Wednesday, January 21, 2009


On this day of change and hope and celebration we wish for you and yours peace and prosperity and a chicken in every lap.

"Our challenges may be new. The instruments with which we meet them may be new. But those values upon which our success depends - hard work and honesty, courage and fair play, tolerance and curiosity, loyalty and patriotism - these things are old. These things are true. They have been the quiet force of progress throughout our history. What is demanded then is a return to these truths. What is required of us now is a new era of responsibility - a recognition, on the part of every American, that we have duties to ourselves, our nation, and the world, duties that we do not grudgingly accept but rather seize gladly, firm in the knowledge that there is nothing so satisfying to the spirit, so defining of our character, than giving our all to a difficult task."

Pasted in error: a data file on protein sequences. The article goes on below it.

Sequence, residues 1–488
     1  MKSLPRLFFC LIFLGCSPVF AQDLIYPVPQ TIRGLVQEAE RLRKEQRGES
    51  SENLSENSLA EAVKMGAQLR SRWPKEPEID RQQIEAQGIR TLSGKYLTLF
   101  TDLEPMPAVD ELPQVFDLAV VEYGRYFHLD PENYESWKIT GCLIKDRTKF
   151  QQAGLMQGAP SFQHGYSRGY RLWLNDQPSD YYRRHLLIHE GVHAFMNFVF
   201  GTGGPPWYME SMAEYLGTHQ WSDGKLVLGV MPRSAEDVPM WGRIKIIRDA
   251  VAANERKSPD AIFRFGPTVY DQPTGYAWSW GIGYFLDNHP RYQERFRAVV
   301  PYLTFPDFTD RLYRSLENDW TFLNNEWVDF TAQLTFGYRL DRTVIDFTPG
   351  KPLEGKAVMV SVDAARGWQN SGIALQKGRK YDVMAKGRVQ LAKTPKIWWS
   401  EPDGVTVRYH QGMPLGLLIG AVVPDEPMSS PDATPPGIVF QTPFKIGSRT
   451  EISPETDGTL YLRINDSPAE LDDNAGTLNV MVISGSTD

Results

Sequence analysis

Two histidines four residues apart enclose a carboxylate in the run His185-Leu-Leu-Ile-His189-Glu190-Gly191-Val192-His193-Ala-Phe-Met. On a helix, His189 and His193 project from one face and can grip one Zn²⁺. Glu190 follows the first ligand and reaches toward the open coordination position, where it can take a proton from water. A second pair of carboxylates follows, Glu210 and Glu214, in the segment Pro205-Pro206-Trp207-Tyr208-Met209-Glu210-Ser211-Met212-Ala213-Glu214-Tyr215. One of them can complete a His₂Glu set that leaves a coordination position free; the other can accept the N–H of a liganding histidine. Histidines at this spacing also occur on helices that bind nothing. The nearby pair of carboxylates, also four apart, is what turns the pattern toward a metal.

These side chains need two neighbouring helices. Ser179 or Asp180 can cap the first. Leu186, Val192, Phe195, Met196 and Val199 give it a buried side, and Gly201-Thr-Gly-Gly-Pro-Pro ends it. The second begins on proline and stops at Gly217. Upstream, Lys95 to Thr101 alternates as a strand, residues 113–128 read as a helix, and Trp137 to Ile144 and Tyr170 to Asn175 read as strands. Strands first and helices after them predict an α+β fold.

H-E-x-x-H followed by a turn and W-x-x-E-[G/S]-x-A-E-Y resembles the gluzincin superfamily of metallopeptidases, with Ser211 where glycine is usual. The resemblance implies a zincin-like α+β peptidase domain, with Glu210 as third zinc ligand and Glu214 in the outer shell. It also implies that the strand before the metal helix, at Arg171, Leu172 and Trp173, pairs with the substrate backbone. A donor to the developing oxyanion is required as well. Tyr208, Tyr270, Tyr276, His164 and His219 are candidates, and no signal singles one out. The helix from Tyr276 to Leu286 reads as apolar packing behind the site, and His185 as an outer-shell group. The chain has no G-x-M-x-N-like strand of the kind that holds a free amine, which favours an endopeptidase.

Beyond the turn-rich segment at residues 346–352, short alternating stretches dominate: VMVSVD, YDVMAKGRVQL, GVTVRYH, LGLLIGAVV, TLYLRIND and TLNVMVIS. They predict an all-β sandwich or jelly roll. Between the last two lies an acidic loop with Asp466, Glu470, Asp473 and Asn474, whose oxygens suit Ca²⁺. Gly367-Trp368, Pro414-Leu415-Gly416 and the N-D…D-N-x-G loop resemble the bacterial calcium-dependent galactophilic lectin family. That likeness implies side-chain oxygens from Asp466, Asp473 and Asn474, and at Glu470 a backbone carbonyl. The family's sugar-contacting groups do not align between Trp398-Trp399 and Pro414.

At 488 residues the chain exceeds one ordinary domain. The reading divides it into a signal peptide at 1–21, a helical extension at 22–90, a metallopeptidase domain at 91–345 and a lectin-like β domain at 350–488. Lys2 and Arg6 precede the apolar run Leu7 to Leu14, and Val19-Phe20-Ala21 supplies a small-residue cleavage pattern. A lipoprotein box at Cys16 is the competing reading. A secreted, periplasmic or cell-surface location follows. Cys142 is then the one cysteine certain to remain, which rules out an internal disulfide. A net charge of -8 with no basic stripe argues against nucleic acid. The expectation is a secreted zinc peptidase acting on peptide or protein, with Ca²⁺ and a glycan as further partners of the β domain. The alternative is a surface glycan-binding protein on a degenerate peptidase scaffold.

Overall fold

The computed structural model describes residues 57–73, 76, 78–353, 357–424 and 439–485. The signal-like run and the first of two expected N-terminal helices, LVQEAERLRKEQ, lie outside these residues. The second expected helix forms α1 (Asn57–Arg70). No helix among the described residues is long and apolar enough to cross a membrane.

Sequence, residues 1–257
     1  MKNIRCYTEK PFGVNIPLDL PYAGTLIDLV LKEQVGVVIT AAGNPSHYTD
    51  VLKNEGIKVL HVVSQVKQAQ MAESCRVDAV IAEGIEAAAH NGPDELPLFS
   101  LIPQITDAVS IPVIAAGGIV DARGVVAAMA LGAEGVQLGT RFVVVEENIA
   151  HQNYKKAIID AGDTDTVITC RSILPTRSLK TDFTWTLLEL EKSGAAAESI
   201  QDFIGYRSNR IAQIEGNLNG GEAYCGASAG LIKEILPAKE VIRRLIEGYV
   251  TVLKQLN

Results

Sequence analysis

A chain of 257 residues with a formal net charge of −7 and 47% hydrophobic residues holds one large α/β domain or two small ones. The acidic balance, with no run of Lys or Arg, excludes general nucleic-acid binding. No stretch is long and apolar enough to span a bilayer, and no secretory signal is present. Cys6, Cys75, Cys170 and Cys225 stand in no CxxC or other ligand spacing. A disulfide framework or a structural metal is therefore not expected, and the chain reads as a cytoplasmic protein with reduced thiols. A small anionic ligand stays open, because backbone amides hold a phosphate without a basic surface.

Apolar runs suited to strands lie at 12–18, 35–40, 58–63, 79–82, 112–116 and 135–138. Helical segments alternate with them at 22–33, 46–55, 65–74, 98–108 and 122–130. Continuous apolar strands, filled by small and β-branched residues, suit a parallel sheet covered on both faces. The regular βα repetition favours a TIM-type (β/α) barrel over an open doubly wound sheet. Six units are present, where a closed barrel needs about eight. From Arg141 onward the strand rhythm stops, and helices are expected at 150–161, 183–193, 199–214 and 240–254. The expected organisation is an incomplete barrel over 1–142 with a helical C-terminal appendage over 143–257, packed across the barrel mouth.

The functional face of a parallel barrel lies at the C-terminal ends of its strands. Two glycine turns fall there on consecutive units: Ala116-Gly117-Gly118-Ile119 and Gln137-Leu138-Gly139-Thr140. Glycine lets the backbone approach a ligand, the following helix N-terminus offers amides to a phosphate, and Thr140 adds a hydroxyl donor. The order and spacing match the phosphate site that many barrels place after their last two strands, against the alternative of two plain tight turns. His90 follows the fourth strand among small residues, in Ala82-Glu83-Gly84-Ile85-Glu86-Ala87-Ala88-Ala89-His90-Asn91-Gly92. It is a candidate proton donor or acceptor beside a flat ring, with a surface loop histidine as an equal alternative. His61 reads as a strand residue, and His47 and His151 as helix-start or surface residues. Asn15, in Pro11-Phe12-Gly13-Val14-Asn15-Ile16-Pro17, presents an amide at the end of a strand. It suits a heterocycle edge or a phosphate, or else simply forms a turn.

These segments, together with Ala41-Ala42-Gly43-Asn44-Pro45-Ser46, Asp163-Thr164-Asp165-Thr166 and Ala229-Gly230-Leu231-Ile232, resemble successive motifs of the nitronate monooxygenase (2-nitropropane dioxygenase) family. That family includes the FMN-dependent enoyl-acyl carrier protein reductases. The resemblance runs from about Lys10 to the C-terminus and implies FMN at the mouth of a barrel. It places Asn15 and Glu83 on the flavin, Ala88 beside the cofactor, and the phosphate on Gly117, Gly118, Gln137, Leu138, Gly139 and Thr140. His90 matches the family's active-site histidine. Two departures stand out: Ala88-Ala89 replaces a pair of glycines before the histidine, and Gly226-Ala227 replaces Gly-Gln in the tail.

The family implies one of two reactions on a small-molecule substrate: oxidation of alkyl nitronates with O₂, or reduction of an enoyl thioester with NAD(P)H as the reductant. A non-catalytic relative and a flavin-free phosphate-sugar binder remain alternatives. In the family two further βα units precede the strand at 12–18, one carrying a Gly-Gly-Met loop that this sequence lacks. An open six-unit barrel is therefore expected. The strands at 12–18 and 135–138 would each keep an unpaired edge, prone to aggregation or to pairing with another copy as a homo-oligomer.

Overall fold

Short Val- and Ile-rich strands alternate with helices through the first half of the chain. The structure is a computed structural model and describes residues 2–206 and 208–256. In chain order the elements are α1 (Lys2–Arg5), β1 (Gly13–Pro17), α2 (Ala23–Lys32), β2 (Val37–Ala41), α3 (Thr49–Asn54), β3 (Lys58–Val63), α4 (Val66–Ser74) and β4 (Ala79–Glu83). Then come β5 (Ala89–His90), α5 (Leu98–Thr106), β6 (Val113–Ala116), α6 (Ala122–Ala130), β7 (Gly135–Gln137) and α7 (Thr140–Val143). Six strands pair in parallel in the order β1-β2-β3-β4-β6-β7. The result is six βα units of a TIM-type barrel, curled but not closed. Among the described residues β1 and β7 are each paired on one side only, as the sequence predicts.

Barack Hussein Obama
January 20, 2009
Inauguration Day

Tuesday, January 13, 2009

Medieval Weapon Fun

This post has nothing to do with chickens, not yet anyway.